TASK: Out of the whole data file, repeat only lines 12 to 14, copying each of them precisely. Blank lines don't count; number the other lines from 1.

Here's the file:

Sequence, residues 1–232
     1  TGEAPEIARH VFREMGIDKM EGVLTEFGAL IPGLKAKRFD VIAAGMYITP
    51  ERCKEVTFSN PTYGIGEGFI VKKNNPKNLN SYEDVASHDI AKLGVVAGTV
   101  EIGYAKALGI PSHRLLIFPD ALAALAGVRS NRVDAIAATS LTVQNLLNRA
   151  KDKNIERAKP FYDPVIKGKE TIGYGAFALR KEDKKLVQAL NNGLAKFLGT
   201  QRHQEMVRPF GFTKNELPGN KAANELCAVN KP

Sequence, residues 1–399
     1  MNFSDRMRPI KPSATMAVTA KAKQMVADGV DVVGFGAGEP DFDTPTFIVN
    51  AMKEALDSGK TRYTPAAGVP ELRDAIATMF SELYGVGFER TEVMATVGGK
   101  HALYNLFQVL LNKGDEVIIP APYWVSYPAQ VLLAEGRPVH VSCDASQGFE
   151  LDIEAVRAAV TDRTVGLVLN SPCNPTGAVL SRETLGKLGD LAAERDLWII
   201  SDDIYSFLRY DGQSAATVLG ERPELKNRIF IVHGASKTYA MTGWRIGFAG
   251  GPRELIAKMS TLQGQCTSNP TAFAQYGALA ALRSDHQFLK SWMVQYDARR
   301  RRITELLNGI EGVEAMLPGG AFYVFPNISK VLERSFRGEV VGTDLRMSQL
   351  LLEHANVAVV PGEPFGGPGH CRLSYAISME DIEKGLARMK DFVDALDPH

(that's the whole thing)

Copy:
   201  SDDIYSFLRY DGQSAATVLG ERPELKNRIF IVHGASKTYA MTGWRIGFAG
   251  GPRELIAKMS TLQGQCTSNP TAFAQYGALA ALRSDHQFLK SWMVQYDARR
   301  RRITELLNGI EGVEAMLPGG AFYVFPNISK VLERSFRGEV VGTDLRMSQL